The Centre’s Women’s Rights Unit was also involved in the hosting of an Expert Meeting, in partnership with ICJ-Kenya and Equality Now, on the needs of shadow reporting guidelines on the African Charter on Human and Peoples’ Rights (African Charter) and the Maputo Protocol. A panel on the same theme also took place on 19 October 2019 during the NGO Forum and the 39th African Human Rights Book Fair.

The state party reporting process is a fundamental mechanism for the monitoring of the implementation of treaties at national level. It provides an opportunity for the treaty body to engage with the state party on the legislative and administrative measures that they have taken to give effect to the treaty, as well as reflect on some of the challenges to implementation. An essential component of the state reporting process is shadow reports, which is useful in providing additional and alternative information that supports the African Commission to gain a more holistic understanding of the human rights situation of a state.

Given that there are no standardised shadow reporting guidelines, this has resulted in continuous calls by both CSOs and the African Commission for the standardisation of shadow reports to produce reports that are more useful to the African Commission.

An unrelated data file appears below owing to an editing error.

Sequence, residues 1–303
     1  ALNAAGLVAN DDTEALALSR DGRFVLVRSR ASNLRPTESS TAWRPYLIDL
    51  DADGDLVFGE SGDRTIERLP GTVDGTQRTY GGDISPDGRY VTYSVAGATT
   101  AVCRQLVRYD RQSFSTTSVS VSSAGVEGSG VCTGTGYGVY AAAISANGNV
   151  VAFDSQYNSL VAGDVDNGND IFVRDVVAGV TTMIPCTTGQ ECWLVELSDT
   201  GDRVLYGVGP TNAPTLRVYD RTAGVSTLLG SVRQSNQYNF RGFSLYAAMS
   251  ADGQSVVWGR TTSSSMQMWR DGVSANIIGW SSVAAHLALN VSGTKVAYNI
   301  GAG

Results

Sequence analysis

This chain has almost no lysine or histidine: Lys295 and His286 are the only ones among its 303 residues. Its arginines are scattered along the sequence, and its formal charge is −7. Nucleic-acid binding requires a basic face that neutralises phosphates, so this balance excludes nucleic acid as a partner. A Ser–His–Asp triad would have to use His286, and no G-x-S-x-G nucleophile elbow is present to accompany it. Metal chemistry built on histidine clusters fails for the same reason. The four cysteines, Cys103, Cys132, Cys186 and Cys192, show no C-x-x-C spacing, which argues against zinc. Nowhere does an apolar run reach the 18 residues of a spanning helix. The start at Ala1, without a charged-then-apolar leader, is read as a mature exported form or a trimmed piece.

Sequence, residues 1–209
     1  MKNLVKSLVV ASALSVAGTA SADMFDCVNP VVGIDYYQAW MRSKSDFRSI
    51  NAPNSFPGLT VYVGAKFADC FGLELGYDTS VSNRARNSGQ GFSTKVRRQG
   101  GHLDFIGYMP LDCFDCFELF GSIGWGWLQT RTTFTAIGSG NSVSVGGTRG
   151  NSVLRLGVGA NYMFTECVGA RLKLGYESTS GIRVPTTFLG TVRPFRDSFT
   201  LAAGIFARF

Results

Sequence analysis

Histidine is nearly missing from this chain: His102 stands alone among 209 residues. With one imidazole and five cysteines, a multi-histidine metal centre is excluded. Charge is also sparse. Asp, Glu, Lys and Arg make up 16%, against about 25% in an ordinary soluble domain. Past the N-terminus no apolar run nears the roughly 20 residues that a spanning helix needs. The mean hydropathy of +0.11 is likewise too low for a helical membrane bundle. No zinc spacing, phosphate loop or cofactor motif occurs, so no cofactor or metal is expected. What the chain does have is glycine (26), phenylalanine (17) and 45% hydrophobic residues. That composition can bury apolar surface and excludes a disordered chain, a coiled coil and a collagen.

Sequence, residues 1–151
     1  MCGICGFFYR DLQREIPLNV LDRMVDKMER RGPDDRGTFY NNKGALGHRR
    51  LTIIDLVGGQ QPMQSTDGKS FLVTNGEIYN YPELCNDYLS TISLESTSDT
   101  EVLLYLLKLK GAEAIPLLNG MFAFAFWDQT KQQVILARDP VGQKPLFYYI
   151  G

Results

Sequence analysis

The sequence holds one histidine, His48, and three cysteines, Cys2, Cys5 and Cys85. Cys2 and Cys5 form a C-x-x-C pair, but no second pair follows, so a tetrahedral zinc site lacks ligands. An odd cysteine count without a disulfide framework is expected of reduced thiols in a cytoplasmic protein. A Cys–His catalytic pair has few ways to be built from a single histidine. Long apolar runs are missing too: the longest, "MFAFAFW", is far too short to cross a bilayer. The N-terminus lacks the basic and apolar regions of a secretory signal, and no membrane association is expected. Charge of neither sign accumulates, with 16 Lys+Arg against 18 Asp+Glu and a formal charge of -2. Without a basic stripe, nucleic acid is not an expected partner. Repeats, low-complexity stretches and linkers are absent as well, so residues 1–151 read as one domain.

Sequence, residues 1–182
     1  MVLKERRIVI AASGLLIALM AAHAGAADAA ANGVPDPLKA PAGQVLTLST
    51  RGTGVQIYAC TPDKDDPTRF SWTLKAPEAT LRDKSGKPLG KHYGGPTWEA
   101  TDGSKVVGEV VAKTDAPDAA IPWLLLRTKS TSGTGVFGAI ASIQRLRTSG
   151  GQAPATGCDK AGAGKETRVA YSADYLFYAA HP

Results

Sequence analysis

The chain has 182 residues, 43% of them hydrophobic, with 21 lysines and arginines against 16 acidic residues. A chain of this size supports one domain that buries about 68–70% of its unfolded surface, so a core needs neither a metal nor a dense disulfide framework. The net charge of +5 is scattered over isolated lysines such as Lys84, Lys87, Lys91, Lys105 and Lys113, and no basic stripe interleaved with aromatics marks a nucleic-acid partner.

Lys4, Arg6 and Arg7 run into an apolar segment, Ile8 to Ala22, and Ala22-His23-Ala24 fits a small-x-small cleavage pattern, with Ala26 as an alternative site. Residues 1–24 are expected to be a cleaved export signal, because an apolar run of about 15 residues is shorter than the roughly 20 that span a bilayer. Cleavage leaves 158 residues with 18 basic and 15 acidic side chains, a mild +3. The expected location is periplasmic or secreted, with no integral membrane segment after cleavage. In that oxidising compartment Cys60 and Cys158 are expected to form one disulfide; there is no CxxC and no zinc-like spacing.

For more information, please contact:

Ms Patience M. Mpani
Programme Manager
 

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As part of the Africa Beijing+25 review, and in preparation of the commemoration of the Beijing Declaration in 2020, the  African Commission on Human and Peoples’ Rights (African Commission), through the Special Rapporteur on the Rights of Women in Africa, hosted a panel during the 65th Ordinary Session of the Commission on 22 October 2019 in Banjul. The panel focused on the rights of women in Africa and was an opportunity to reflect on the strides made on the continent over the years since the adoption of the Beijing Declaration in 1995.

Download Press Statement

The panel was chaired by Commissioner Soyata Maiga. The panellists were Commissioner Lucy Asuagbor (Special Rapporteur on the Rights of Women in Africa) Patience Mungwari Mpani (Manager, Women's Rights Unit, Centre for Human Rights, University of Pretoria), Mr Robert Kasenene (Advocacy & Coordination Specialist, Department of Social Affairs, African Union Commission), Mr Erick Mundia (Progamme Officer, IPAS Alliance) and Ms Mary Kimemia (Programme Officer, Kenya Human Rights Commission).